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When Nick DiMaria said that he would like to do remixes of some of the tracks from “Wit’s End” I was flattered. Though it was not one that he had mentioned, I suggested he start with one that didn’t actually make the CD. “Same Old Spray” was written and recorded in mid January of 2005. It was quickly abandoned once it was finished. So I was thinking, if Nick turned it inside-out with one of his amazing remixes, maybe then it would be worthy of release. With no input from me he managed to select the few things I really liked about the recording and expound upon them. He also chose to use the only lyrics I liked:

Same Old Spray (Phillips) January 17, 2005

So it all worked out and I’m just fine

You’ve fallen down in there between the lines

I don’t even know if you’re livin’ or dyin’

Haven’t got a clue if you’re even tryin’

So just like it should be your fate’s with you

And nothing’s forever…

God help you…

And don’t piss ‘im off like nails on a chalkboard, wow.

Thanks Nick, I Love It! “Same Old Spray (Nick DiMaria Remix)” -Hangnail.

Nick DiMaria Explains:

glad to hear it. I like to make tracks that are a complete reworking of the original. I started just taking your tracks and juicing them up a bit with the same structure, but started to hear your growling voice and thought it would be good as a tribally-angry piece. And that’s how it wound up the way it did. I can go over specifics, but it wasn’t too extraordinary a task so it’s not much to avail.

essentially, I took the guitar rhythm. used it pretty much as is, but added a lot of digital saturation, then noticed it was sounding a bit eighties from the sound I gave it. So, I put it through some filters. It’s actually one of the sounds you hear throughout the track, but it’s so filtered that it sounds like a synth. This happens alot when I remix. I take the raw sound and pass it through effects to get the various sounds, but at the rhythms they were played with. Completely changes the feel of a track while maintaining its rhythms.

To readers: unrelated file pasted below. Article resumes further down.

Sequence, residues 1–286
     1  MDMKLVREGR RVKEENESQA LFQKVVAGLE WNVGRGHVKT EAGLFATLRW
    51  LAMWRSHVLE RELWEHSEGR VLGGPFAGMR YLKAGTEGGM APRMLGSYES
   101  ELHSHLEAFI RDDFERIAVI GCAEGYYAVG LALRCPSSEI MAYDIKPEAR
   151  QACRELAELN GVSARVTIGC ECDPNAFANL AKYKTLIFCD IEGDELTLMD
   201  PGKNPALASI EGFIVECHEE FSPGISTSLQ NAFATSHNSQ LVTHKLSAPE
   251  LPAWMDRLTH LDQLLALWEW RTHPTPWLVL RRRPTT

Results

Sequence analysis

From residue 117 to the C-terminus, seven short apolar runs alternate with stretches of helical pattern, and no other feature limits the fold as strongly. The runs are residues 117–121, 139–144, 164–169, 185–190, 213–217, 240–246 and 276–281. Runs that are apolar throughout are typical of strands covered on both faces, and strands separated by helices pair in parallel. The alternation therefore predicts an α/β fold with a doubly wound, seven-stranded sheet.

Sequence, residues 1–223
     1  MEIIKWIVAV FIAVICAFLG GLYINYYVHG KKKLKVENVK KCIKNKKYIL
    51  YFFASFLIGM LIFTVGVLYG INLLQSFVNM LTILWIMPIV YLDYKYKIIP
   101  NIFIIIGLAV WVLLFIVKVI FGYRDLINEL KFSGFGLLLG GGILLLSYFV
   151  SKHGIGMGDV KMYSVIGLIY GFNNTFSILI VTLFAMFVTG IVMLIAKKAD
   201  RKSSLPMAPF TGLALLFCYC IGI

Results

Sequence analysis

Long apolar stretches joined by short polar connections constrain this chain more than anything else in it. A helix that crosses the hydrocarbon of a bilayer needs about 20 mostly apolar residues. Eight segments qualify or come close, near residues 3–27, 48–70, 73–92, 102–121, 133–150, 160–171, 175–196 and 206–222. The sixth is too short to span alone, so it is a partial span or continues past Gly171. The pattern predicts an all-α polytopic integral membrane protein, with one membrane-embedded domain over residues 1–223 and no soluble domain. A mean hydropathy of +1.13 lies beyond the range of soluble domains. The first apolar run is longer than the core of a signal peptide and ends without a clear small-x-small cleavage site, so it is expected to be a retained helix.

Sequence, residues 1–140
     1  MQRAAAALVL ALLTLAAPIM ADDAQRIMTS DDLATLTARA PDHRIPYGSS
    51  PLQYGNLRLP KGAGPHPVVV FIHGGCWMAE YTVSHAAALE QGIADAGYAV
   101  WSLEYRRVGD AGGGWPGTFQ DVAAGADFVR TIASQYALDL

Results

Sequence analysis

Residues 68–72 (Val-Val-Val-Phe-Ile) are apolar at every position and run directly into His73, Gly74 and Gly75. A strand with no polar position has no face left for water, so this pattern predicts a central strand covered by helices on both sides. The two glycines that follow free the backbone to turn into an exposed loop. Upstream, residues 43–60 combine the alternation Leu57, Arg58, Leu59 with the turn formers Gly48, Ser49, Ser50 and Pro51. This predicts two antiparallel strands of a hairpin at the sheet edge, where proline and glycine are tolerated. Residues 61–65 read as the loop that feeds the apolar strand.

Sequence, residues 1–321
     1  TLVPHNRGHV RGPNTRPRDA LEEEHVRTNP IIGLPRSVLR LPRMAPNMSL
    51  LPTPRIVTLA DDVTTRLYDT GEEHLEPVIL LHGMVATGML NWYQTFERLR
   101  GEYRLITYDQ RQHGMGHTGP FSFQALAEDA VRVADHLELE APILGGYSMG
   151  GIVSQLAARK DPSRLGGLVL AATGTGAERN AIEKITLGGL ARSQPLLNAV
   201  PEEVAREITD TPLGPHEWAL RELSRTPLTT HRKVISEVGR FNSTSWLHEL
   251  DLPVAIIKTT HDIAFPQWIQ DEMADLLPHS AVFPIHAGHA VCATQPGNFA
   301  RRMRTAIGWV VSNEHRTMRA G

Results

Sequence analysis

then, I took that floating guitar line, added delay and verbs to fatten it and make it a sailing type of line. I think it gives the track ‘length’ and continuity.

I did cheat and used some percussive loops…I played with the EQ, saturation, drive, filters, and placement in the audio field to get them sounding growly. I wanted it to be distorted like the original track. give it some guts. I didn’t saturate it too much b/c then it wouldn’t have any of the nice bass in the kick.

The vocals are passed though distortion, delays, filters, and a beat processor that arranges the percussive parts of the voice so that it’s rhythmic and a bit phonetically driven. I like the results b/c you can make out the idea of the vocal line without being hit over the head with the meaning. intentional masking of the content. makes it more relistenable b/c people can interpret it the way they want to.

I like the bass line. just took a stock bass, fattened it up and gated it some to make it enter and leave completely. sounds nice and tribal to me.

I took another of your vocals and passed it through an autopan, which also had a synth processor. gives the synthy stuff in the middle. give it a bit of progressive house feel to keep it moving.

track just felt right as it formed. organic growth. the best kind.

Nick was the lead guitarist of the Newark band schroeder and has just released a freshly remastered CD on the grimmwerks label with cover art by Mighty Joe Castro. Get your copy here: – also read up on schroeder’s history here: Legends of Newark Rock: schroeder

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